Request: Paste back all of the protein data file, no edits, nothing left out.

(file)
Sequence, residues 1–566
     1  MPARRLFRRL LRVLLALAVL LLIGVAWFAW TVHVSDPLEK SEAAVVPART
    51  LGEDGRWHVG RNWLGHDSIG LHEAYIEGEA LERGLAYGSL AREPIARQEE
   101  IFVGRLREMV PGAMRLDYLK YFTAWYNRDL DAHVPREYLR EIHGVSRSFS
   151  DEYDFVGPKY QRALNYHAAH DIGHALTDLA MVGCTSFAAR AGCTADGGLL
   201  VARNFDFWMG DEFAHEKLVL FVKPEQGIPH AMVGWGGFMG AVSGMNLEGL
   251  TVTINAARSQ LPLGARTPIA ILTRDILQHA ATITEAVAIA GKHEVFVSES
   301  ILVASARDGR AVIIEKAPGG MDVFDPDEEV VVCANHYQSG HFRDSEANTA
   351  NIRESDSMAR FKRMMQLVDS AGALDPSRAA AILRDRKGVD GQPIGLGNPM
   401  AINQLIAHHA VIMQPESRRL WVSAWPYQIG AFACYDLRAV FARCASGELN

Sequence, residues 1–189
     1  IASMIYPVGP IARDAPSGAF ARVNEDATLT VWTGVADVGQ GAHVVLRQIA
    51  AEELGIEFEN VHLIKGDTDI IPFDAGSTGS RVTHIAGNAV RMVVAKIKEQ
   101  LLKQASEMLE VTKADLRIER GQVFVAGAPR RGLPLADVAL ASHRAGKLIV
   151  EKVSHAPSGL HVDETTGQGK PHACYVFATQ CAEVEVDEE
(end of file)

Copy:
Sequence, residues 1–566
     1  MPARRLFRRL LRVLLALAVL LLIGVAWFAW TVHVSDPLEK SEAAVVPART
    51  LGEDGRWHVG RNWLGHDSIG LHEAYIEGEA LERGLAYGSL AREPIARQEE
   101  IFVGRLREMV PGAMRLDYLK YFTAWYNRDL DAHVPREYLR EIHGVSRSFS
   151  DEYDFVGPKY QRALNYHAAH DIGHALTDLA MVGCTSFAAR AGCTADGGLL
   201  VARNFDFWMG DEFAHEKLVL FVKPEQGIPH AMVGWGGFMG AVSGMNLEGL
   251  TVTINAARSQ LPLGARTPIA ILTRDILQHA ATITEAVAIA GKHEVFVSES
   301  ILVASARDGR AVIIEKAPGG MDVFDPDEEV VVCANHYQSG HFRDSEANTA
   351  NIRESDSMAR FKRMMQLVDS AGALDPSRAA AILRDRKGVD GQPIGLGNPM
   401  AINQLIAHHA VIMQPESRRL WVSAWPYQIG AFACYDLRAV FARCASGELN

Sequence, residues 1–189
     1  IASMIYPVGP IARDAPSGAF ARVNEDATLT VWTGVADVGQ GAHVVLRQIA
    51  AEELGIEFEN VHLIKGDTDI IPFDAGSTGS RVTHIAGNAV RMVVAKIKEQ
   101  LLKQASEMLE VTKADLRIER GQVFVAGAPR RGLPLADVAL ASHRAGKLIV
   151  EKVSHAPSGL HVDETTGQGK PHACYVFATQ CAEVEVDEE